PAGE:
, NAIROBI, Kenya, Sep 17 – Eleven people were killed in the early hours of Saturday morning in an accident on the Nairobi-Mombasa highway.
The 1am incident that occurred near Voi town also left 13 people injured.
Voi Police Chief Nathaniel Aseneka said ten people died on the spot while one succumbed to injuries at the Voi District hospital.
Five of the victims are recuperating in Voi while seven others are at the Makindu District Hospital where they were rushed by other motorists.
Police say the accident involved a bus that was on its way to Nairobi from Mombasa and a truck heading to the Coast.
Among those killed were both drivers and a baby. The accident is said to have happened as the bus was overtaking multiple vehicles.
“The driver was overtaking without calculating the distance of the oncoming vehicles hence causing the accident,” said Rashid Tewa, a 65-year-ol social worker in Tudor, Mombasa who survived the crash.
Tewa said that they started the journey at 9.30pm in Mombasa and that he and fellow passengers had lost mobile phones, money and other valuables to looters following the accident.
The mishap comes barely a fortnight after 23 other Kenyans died in Ukambani while going back home from a ceremony to pay dowry.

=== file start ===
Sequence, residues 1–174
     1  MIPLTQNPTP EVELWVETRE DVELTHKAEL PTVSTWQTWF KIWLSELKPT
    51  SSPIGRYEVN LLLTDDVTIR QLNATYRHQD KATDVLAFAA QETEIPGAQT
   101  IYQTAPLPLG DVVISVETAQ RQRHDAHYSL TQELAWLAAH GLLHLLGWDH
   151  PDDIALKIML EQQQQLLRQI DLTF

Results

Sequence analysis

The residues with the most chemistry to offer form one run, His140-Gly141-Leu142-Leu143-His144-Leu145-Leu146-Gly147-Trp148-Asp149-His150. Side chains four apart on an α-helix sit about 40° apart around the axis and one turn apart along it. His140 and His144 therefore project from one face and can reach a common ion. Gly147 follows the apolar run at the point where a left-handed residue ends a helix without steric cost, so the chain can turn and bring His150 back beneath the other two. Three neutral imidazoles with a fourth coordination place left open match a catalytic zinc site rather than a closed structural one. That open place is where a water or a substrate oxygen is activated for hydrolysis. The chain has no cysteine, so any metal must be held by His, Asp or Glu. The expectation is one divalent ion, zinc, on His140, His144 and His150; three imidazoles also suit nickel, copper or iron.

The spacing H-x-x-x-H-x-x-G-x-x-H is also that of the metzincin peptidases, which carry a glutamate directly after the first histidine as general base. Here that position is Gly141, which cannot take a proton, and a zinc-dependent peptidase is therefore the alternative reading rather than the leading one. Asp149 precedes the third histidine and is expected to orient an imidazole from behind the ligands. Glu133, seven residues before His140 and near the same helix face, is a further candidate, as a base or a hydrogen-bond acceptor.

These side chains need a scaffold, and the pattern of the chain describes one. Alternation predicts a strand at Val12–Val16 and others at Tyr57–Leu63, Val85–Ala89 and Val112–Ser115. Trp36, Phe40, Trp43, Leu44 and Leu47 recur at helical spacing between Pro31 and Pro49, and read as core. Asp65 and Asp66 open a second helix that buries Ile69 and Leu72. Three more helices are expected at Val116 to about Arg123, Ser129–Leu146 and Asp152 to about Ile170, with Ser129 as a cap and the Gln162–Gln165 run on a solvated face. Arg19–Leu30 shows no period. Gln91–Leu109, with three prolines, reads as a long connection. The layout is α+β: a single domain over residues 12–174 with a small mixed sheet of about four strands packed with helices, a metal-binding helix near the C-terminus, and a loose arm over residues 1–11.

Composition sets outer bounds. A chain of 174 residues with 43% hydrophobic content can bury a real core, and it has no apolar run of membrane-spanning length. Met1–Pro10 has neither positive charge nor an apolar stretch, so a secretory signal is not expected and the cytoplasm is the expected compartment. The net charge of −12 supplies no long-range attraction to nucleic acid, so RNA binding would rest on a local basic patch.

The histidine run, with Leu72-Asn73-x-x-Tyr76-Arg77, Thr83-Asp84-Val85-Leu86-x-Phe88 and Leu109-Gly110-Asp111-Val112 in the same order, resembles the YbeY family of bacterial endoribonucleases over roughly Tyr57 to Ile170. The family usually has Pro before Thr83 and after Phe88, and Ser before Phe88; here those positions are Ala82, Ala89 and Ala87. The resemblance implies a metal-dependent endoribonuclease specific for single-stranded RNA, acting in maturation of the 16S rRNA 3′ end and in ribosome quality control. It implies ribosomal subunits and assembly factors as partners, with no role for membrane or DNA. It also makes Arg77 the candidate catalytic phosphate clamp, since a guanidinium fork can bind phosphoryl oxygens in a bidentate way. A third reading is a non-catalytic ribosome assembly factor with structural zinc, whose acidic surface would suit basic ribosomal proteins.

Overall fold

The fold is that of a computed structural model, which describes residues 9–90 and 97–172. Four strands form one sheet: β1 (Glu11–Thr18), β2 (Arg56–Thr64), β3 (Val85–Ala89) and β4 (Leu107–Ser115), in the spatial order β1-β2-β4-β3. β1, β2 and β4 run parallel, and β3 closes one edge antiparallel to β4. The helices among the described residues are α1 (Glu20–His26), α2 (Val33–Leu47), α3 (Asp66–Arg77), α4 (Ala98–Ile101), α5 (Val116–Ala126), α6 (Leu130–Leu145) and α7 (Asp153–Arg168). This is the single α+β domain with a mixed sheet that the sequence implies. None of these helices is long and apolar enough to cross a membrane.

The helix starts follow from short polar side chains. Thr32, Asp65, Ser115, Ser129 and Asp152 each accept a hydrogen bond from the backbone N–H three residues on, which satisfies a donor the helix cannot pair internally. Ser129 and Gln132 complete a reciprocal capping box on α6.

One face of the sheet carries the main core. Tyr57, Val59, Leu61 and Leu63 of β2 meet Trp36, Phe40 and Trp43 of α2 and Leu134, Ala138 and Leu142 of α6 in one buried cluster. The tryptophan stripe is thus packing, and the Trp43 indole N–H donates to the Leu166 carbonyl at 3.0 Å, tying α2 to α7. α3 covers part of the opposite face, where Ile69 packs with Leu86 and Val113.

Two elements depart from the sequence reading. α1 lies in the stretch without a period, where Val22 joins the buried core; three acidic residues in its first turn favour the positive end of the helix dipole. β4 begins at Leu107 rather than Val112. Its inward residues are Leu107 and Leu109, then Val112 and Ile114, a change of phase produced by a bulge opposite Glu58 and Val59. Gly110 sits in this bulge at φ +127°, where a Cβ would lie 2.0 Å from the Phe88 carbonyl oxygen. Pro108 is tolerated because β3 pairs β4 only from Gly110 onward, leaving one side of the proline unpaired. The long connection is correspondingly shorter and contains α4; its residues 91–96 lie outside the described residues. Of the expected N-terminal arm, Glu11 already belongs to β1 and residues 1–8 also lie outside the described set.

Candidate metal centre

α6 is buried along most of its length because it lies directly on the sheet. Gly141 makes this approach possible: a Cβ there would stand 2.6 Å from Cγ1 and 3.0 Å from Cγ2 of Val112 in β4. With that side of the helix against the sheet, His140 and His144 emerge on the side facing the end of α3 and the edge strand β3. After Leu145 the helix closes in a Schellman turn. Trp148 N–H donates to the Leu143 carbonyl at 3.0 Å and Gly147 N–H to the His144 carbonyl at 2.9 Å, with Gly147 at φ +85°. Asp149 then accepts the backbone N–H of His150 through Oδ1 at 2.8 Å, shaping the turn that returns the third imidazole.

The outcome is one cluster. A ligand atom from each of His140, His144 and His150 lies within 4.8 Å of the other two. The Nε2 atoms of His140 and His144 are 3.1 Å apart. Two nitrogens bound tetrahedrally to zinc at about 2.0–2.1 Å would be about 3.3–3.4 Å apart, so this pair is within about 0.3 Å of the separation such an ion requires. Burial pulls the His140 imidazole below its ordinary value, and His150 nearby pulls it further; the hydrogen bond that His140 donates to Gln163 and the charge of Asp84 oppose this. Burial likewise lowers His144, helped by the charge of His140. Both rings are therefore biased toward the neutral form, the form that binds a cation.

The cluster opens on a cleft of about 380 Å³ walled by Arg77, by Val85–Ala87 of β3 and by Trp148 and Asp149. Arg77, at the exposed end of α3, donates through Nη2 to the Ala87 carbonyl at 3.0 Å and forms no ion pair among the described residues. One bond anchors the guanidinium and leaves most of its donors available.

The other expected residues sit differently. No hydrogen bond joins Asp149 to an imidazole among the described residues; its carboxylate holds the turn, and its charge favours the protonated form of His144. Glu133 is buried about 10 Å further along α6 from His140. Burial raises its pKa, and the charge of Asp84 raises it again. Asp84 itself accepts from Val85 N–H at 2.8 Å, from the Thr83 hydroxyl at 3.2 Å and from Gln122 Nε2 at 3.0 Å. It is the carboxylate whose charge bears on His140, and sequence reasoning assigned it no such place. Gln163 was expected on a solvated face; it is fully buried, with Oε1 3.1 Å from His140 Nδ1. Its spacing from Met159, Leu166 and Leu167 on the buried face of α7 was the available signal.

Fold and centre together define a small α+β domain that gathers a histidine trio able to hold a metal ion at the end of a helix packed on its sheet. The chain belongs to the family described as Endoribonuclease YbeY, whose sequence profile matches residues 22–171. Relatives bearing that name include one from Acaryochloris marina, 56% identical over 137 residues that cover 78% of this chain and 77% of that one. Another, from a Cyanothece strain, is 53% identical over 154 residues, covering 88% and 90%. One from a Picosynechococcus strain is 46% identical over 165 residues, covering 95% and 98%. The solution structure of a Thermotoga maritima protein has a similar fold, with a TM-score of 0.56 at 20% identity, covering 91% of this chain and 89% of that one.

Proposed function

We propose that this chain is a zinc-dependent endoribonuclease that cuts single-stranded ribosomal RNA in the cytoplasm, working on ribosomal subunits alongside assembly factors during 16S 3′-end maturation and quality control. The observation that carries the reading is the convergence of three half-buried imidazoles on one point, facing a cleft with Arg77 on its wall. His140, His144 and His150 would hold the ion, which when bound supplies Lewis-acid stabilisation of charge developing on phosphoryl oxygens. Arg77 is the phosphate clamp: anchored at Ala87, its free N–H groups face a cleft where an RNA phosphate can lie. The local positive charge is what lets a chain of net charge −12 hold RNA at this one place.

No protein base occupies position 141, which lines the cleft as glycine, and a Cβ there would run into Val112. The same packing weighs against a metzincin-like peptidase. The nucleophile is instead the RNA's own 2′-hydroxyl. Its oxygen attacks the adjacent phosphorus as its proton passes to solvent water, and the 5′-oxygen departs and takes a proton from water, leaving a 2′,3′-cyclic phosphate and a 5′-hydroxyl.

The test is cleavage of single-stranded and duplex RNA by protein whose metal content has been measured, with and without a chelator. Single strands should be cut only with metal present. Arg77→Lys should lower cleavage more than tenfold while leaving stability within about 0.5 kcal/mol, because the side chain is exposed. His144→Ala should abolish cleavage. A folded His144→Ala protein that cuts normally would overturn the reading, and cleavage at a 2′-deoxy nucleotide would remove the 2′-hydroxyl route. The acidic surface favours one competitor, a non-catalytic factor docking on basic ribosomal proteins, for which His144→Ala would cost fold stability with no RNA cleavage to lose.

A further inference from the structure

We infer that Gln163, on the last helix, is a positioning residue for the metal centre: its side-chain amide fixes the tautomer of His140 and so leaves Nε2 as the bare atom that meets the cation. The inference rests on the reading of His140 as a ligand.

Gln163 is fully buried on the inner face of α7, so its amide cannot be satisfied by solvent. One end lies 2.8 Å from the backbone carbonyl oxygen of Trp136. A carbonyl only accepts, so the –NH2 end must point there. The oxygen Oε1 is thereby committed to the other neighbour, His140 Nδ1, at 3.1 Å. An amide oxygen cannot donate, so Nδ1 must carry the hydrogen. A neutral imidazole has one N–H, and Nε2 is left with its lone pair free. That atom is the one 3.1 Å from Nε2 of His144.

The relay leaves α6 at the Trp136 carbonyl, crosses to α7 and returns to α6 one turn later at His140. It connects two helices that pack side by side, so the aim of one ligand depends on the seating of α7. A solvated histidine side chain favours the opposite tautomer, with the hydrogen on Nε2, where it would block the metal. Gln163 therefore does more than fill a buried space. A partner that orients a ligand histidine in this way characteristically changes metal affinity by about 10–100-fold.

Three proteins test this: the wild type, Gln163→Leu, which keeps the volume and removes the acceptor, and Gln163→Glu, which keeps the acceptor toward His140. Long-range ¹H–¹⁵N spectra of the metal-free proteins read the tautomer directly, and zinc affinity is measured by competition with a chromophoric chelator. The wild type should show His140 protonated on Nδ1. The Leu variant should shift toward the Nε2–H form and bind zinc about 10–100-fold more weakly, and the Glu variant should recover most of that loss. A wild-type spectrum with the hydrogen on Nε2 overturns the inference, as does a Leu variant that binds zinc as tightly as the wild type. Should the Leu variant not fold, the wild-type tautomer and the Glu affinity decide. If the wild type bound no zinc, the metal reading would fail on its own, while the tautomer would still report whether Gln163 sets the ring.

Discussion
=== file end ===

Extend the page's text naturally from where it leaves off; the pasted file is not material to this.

In the meantime, the Matatu Welfare Association (MWA) is encouraging drivers of Public Service Vehicles to exercise caution on the roads especially when transporting passengers.
Vice Chairman John Katimbwa cautioned them not to drink before they embark on their work as this was potentially fatal.
He pointed out that they should also ensure that their vehicles are roadworthy to prevent accidents.
“We need to be very categorical that alcohol and other hard drugs should not be consumed by drivers while on duty. If anybody is smelling of beer, let him be pulled out of that vehicle so that we do not risk the lives of Kenyans,” he said.
He further urged the police to publish hotlines through which passengers can contact them in the event of a driver misbehaving.
“I am calling upon the government especially through the Police Commissioner to provide hotlines within the PSV vehicles so that passengers on realising the driver is not steady on the roads can call them so that these drivers can be stopped before they kill Kenyans,” he stated.
“This blame game will remain the way it has always been if we continue to be good at responding to crisis.”
The week has been referred to as the ‘season of death’ with over 130 fatalities from various tragedies; the worst being the slum fire whose death toll has topped 120 with over 50 people still in hospital nursing serious burn wounds.
Then came the illicit brews in Central Province that claimed the lives of 23 people.